There are many pressures that come with being a parent, but the one that haunts me the most is the responsibility of passing on the faith. As I rock my growing baby to sleep or watch my preschooler eat his pancakes in the morning I think, “How am I ever going to teach them enough, challenge them enough, and nurture them enough to help them grow into the well-rounded, capable, holy adults I know they have the potential to be?” The truth is I can’t. Not on my own, at least.
My parents have shaped me into who I am as a woman today through the examples they set in their own lives, as well as the guidance they have given me over the years. Parents can only do so much, though. Young people need strong, positive mentors throughout their lives to inspire, direct, and influence them, perhaps just as much as their parents do. I have been blessed enough to encounter many such people, but three in particular touched my life in unexpected ways.
When I was in the seventh grade, my teacher hung posters of the Holocaust around our classroom. She was the first person to open my eyes to what the world held beyond our small, Catholic school—good and bad. Her posters not only depicted the wonderful things she saw on her worldly travels, but also the cruelty man was capable of. That’s when I knew I wanted to see what was out there for myself.
Interestingly enough, she was also the first person I knew who would vote politically different than my family. She never said it, but I knew it. I didn’t know how to reconcile that in my heart, but I loved her anyway. During the critical time when I was trying to figure out who I was going to be in the midst of my parents’ divorce, she gave me hope. Hope that I could be whoever I wanted to be, hope for a future.
Three years later, I got my first job selling clothes. My boss took a chance on me. She hired an awkward tomboy and fostered in me a drive to work hard and reach whatever the next challenge was in front of me. Shift after shift, raise after raise, I absorbed her desire to succeed and genuine love of people like a sponge. I doubt she thought much about the direction she was giving at the time, but I felt like she believed in me, so I did, too. She gave me a break when I needed one, and held me accountable when I didn’t. She inspired me to do better.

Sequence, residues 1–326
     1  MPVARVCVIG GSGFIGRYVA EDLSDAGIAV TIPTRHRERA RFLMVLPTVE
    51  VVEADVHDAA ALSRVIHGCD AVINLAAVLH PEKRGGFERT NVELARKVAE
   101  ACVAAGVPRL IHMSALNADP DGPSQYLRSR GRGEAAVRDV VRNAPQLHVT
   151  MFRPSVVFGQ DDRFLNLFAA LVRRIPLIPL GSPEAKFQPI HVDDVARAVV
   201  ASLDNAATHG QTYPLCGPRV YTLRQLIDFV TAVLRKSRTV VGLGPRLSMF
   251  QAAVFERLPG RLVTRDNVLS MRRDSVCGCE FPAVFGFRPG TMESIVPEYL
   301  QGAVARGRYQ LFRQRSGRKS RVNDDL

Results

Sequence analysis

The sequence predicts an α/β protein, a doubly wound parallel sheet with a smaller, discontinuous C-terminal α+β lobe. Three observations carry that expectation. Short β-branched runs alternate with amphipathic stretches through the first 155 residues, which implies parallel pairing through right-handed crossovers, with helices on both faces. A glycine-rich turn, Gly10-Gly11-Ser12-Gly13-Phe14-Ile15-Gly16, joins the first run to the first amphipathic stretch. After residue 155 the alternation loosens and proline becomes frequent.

That same year, I met a priest who taught at my high school. As a young teenager, I was starving for affirmation, purpose, and direction. I joined a group he led on a pilgrimage through Rome and my life changed forever. He affirmed my identity as a child of Christ in ways that no one ever had before, breathing air into the lungs of my faith that had laid dormant for so long. He went on to become my spiritual director through high school and college, and celebrated the Mass on my wedding day. After everything he had seen me through, his greatest gift to me was teaching me how to pray. How to genuinely ask the Lord for His help, praise Him for His blessings, and trust in His mercy.
There’s no question that it is my husband’s and my responsibility to get our boys to heaven, but it’s impossible for us to do it alone. If I am ever uncertain of that reality, all I have to do is look at my own life and see all the hands who have helped me along the way. I pray that Walt and George are fortunate enough to encounter ordinary men and women of good will who will educate them when they think they know it all, push them when they believe they have nothing more to give, or carry them when they’re too tired to walk any farther.
Reflecting on how I have gotten to where I am, my heart is filled with gratitude. I am indebted to the many people who have gone out of their way to foster the good things that they saw in me when they didn’t have to, but especially those three unlikely mentors. The ones who taught me how to hope, work, and pray.
I ran into the priest recently for the first time in over five years. “I miss you, Father,” I told him. “Don’t worry,” he replied. “I’ll always be there when you need me most.”
I know he will. They all will.